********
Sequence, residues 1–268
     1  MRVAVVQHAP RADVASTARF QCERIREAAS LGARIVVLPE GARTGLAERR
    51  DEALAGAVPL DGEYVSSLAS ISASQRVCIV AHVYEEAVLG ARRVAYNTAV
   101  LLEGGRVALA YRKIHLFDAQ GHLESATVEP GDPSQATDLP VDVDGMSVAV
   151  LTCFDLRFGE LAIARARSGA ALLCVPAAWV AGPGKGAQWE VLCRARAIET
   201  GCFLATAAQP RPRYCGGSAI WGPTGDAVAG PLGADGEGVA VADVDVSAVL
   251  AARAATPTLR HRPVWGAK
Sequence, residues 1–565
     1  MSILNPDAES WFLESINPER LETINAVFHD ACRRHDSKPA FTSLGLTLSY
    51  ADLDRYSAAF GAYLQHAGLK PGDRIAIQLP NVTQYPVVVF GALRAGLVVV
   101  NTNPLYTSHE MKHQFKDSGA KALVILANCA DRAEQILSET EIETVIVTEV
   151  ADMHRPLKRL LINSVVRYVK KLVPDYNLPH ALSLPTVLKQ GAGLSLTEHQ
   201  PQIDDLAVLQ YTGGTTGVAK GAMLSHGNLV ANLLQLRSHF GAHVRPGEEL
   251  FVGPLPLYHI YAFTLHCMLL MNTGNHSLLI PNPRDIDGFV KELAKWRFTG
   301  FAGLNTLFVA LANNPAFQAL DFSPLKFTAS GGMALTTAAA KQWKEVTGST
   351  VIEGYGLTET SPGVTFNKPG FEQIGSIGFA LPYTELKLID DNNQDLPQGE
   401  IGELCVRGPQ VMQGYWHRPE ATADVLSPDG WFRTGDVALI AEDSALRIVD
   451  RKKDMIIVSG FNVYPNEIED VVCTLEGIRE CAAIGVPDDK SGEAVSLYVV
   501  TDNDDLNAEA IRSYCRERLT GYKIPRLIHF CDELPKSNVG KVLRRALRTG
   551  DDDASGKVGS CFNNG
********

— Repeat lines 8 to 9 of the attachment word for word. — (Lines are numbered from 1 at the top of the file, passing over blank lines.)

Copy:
Sequence, residues 1–565
     1  MSILNPDAES WFLESINPER LETINAVFHD ACRRHDSKPA FTSLGLTLSY